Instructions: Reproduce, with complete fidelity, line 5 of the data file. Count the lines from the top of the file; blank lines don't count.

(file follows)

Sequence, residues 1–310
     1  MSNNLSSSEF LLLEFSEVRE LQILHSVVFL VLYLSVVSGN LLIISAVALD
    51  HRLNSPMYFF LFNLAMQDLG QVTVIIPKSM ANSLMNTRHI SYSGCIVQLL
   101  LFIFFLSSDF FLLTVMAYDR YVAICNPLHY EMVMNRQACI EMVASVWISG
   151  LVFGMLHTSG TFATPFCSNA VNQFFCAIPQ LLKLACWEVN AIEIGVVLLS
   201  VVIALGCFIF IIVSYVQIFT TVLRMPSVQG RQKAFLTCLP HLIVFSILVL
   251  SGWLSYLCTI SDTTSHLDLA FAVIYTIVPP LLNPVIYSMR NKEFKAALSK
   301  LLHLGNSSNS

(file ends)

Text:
   151  LVFGMLHTSG TFATPFCSNA VNQFFCAIPQ LLKLACWEVN AIEIGVVLLS